Hot Club of Cowtown Opens the World’s Songbook


Hot Club of Cowtown’s sharp and sophisticated Rendezvous in Rhythm injects Western swing and gypsy jams with singular flair. CMT Edge spoke with singer and fiddler Elana James about the buoyant new album, song interpretation and life in Austin.

“We decided to do hot jazz stuff, French stuff we’ve liked for a long time,” James says. “That was the theme of the project, but it’s not like the band is going to become a Django Reinhardt band or something. We just wanted to create this to be a pure project in one vein.”

CMT Edge: You must’ve considered more than the 14 tracks on Rendezvous in Rhythm.

James: Oh, yeah. It’s like the Rod Stewart Songbook, an infinite canon of material. There are many, many more songs that we do live and have for years. You know, [Grammy-winning producer] Lloyd Maines worked with us on it, and the first thing we always do with Lloyd is have him over and play all the songs we’re thinking about. He nixed a few and green-lighted a few, and that’s what created this collection. It’s really just a snapshot in time of stuff we’re into.

Where did you find the opening track, “Ochi Chornye”?

That’s a traditional folk melody. It’s been around for a long time. I love that kind of music, peasant music and old-world folk songs. That’s something that’s always just appealed to me even when I used to play classical music and didn’t know anything about any of this. I’m not even sure how we came upon that song, but it’s just so familiar. It’s almost like even if you’ve never heard it, the song seems familiar. We started playing it live a couple years ago, and people were clamoring for which CD that’s on, and we’re like, “It isn’t.” So we decided we’d better put that out there.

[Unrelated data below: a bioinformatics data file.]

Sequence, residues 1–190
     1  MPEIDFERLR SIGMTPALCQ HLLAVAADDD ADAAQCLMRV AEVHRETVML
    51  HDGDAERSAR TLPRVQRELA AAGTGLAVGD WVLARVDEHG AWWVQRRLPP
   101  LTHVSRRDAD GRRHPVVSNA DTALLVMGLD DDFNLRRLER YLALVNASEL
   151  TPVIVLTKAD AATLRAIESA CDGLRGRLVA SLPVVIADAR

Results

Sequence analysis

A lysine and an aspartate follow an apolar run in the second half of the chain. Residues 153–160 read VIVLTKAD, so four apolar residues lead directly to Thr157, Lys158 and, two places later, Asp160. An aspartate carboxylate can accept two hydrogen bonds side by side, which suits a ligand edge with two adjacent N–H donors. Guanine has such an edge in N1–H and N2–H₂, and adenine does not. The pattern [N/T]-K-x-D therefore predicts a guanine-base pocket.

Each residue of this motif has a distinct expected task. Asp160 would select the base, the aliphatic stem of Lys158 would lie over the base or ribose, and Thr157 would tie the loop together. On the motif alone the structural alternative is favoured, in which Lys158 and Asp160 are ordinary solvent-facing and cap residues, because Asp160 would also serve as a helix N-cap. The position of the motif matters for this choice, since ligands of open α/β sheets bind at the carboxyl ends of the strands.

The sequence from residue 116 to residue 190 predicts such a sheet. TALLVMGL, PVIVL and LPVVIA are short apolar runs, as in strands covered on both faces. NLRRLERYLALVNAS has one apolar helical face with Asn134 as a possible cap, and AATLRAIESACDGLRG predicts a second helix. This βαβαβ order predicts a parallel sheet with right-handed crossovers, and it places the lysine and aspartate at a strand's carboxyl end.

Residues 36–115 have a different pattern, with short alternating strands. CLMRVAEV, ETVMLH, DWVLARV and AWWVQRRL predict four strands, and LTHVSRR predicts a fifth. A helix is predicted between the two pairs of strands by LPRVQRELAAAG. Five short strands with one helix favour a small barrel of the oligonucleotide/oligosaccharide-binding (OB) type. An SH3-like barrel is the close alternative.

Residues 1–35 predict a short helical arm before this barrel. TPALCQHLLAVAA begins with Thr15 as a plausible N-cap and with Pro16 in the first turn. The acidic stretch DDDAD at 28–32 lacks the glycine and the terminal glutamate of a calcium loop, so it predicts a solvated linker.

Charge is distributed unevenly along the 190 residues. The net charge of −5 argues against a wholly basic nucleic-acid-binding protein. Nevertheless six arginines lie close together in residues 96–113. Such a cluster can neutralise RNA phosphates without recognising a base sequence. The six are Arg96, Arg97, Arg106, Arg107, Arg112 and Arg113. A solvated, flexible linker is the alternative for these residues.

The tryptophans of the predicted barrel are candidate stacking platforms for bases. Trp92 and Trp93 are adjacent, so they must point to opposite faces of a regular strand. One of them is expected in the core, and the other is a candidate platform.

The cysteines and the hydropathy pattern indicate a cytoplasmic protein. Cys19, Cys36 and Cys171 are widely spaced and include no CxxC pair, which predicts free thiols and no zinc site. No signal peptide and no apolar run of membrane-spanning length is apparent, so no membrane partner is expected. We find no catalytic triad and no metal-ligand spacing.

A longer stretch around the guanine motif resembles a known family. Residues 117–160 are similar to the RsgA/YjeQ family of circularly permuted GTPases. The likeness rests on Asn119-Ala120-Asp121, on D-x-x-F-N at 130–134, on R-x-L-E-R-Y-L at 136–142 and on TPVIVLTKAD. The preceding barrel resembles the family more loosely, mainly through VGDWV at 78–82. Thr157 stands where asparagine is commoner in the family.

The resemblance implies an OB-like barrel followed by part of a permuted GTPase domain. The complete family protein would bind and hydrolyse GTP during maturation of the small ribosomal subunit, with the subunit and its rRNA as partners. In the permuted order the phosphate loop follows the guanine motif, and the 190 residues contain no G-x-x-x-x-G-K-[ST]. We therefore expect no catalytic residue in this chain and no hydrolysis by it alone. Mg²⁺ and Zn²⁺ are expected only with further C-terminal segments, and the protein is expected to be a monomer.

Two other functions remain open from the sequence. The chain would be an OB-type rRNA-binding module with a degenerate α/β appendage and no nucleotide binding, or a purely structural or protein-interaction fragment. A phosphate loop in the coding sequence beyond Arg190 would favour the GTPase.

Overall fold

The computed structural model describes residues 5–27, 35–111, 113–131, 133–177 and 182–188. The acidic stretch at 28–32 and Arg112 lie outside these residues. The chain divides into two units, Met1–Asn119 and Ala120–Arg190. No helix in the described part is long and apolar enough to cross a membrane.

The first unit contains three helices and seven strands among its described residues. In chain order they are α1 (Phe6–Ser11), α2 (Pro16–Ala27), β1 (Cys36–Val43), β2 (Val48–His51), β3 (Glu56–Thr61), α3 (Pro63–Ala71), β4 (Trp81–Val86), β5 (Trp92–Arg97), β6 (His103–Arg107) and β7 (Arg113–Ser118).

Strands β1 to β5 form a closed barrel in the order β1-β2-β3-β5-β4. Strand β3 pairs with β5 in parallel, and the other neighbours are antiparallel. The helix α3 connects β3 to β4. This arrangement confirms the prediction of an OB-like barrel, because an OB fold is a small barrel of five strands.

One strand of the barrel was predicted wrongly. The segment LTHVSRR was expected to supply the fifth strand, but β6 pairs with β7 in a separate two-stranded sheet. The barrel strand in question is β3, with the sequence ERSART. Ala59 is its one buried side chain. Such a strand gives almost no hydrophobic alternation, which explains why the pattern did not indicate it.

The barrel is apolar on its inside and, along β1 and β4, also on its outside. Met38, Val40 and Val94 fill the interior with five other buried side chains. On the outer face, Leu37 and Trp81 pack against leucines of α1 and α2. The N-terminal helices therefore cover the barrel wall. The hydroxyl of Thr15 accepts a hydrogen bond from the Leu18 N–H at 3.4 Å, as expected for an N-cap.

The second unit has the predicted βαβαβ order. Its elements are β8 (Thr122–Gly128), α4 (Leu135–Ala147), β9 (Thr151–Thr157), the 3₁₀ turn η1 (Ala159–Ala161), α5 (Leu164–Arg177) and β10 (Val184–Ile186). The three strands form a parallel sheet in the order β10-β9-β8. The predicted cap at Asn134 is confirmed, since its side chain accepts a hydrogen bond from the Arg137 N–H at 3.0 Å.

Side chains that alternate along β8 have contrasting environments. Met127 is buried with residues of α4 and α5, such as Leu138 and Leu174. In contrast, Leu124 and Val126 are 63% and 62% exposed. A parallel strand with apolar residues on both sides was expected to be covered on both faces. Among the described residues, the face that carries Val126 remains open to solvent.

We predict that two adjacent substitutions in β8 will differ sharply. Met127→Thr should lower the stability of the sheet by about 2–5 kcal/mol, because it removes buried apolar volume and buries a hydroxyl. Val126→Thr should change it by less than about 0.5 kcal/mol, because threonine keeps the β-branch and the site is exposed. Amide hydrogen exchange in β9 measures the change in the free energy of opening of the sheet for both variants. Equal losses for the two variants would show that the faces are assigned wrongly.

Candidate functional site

What exactly do you find appealing about peasant music?

I think it’s the same thing with American traditional music. Personally, my taste in traditional music isn’t limited to the United States, and that’s probably true for our entire band. Hungarian folk melodies and Romanian stuff and traditional gypsy music satisfies in the same way that playing “Sally Goodin” and “Ida Red” does. There’s something very rustic and organic about it. My interest and attraction to that music spans different cultures and, in a way, some of these songs are the European equivalent to stuff we might play in Texas.

What drew you to the closing track, “Douce Ambiance”?

Django Reinhardt and Stephane Grappelli wrote that. It’s just a G-minor jammer, but it’s very dramatic, and it’s a song you’ll hear a lot at French gypsy jazz festivals when you’re hanging around jamming with people at the campgrounds. It’s such a fun song to play. Some of these songs are part of the Gypsy jazz scene. We’ve been to the Django Reinhardt festival, and you just wander around from tent to tent and you hear lots of minor swing like “Dark Eyes” and “Douce Ambiance.” It’s like what you’d find if you went to Turkey, Texas, for Bob Wills Day.

Describe the influence Grappelli and Reinhardt have had on you guys.

I think that what Django Reinhardt and Stephane Grappelli did was just play in a passionate and exciting way. … Stephane Grappelli is a peerless titan of this music, the most famous and imaginative swing violinist ever — with the exception of Johnny Gimble, I would have to argue. It’s absolutely timeless and elegant and incredibly exciting and romantic. If you play the violin or guitar, it’s deeply satisfying to play this style. It’s something you never master.

How essential is improvisation to your music?

Oh, it’s a huge part. The tradition of Western swing is to not play the exact same thing every time. The vast majority of what we do is improvised. It’s very, very spontaneous. That’s also what’s enjoyable about this music. We’re not playing the solo from the record. I mean, sometimes I do that because I like certain ideas, but in general, it’s a fully improvised show. That’s the difference between a standard and a cover. We’ve been trying to make that distinction for way longer that I ever would’ve thought.